As it happened, there was an alternative audio show in Munich—at the Marriott Hotel on Berliner Strasse in Schwabing—called Hifi Deluxe. Though not approaching the size and variety of the MOC festivities, and lacking their glamor, it was an interesting little gathering in an off-the-beaten-path way. For one thing, it sounded good, in part because the Marriott’s more solidly built hotel rooms were acoustically superior to those partitioned-off, glassed-in spaces at the MOC. For another, the rooms were less crowded and noisy, making it easier to sit and listen. For a third, the alt.show happened to house one of the best sounds in Munich, which we will get to in a moment. Though, for obvious reasons, I didn’t spend the time there that I spent at the MOC, I did do several hours of room hopping, and here are the highlights.
The German company MiTec showed its €25k Private Line MAX 1 electrostatic loudspeaker, which uses industrial ceramics—in the form of an aluminum-oxide ceramic that is welded by an adhesive and a heat treatment to the electrostat’s foil element—to “maximize impulse reproduction and dynamic range.” Driven by Einstein electronics, the MAX 1 sounded quite lovely, actually—sweet, dark, lively, and musical.
Yet another Vivid Audio loudspeaker, the €43k Giya G3, driven by Mola-Mola, was being shown at HiFi Deluxe. Like the MiTec, it sounded rather dark in balance but, again, like the MiTek, quite lovely on a choral recording, with a very nice sense of ambient space. It had solid bass, too, for such a small speaker, with good organ pedal point—and organ timbre itself, though both instrument and choir were a bit miniaturized in image size.
Acapella Audio Arts showed its €26k Basso Nobile horn-loaded loudspeaker driven by Acapella electronics, and it was the best I’ve ever heard an Acapella speaker sound—very dark and rich on a cover of “Michelle,” very hard-hitting on drum and bass. A ravishingly beautiful presentation.
SoundKaos was demo'ing its odd-looking €20k Liberation with Grandinote electronics. The speakers reminded me a little of Dahlquists, though better sounding--very fast, open, and hard-hitting. I liked them.
AER showed its €68k Pnoe a single-driver front-loaded and back-loaded spherical-horn system that uses AER’s 8” BD4 full-range driver. Despite its imposing looks, the Pnoe was very delicate and airy sounding driven by Arta Forme electronics.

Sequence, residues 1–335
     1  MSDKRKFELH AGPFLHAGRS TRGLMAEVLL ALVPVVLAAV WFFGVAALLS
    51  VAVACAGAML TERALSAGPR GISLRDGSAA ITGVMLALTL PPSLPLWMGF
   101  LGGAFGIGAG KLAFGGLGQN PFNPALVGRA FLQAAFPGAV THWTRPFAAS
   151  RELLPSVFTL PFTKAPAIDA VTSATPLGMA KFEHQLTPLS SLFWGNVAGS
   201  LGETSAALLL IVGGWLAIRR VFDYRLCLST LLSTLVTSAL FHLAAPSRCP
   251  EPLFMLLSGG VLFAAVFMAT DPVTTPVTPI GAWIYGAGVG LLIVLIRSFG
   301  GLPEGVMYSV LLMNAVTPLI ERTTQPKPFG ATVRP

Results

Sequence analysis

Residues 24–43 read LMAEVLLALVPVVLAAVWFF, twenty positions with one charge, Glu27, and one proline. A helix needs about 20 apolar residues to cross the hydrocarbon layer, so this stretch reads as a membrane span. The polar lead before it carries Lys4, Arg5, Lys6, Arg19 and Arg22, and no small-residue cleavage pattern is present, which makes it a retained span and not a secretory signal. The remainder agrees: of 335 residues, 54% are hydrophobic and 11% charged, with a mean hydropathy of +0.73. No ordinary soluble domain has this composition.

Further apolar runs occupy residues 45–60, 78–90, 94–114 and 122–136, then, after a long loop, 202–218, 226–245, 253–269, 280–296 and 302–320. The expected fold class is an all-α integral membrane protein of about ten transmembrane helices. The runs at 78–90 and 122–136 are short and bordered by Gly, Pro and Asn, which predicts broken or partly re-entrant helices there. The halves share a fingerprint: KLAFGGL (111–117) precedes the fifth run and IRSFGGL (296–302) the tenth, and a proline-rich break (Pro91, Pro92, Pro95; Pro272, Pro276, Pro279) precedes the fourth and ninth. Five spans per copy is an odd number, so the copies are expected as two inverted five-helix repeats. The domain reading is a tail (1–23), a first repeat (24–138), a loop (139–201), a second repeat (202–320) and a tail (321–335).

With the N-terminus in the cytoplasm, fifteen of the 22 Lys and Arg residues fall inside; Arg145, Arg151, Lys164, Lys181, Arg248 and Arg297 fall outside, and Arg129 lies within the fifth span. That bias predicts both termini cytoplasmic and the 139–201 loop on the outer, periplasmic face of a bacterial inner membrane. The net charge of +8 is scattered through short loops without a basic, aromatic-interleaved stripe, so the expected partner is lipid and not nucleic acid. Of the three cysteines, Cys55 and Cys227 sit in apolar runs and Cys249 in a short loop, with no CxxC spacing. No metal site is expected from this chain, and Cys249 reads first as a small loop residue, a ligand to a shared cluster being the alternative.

Speaking of surprisingly light, neutral, and airy, the gigantic, high-sensitivity €150k Sigma Acoustics MAAT ribbon/cone multiway, driven by MSB and Kondo amplification, sounded just that. As did the Sonus faber Aida driven by Mal Valve, and the €34k Audio Concept Soundwaves Micro XL driven by Elements electronics.
Saving the best (and one of the best sounds at either show) for last, Manuel Huber’s FM Acoustics showed the Inspiration System—an entire hi-fi kit that includes four-way loudspeakers with hand-selected drivers, outboard crossovers, FM Acoustics amplification, preamplification, and cables, and is priced at €120k and up (depending on your choice of amp, preamp, and options). On recording after recording the Inspiration exemplified transparency to sources, sounding precisely as realistic or not-so-realistic (Huber deliberately played some flawed LPs) as the recording itself was. I came away extremely impressed. Though I heard more consistently beautiful sounds at the MOC and elsewhere at HiFi Deluxe—and some with better this or that—I’m not sure I heard a more neutral, transparent, or (with the right source) realistic system in all of Munich. For transparency-to-source and absolute sound listeners, this was a sensationally impressive presentation. I should note as well that Manuel demonstrated a very clever scratch-remover built into his FM 122 phonostage (a version of which I reviewed many, many moons ago), which did precisely that—removed the sound of scratches from beat-up LPs without audibly touching timbre, dynamic, or resolution. I have no idea how this magic was accomplished, but magical it was.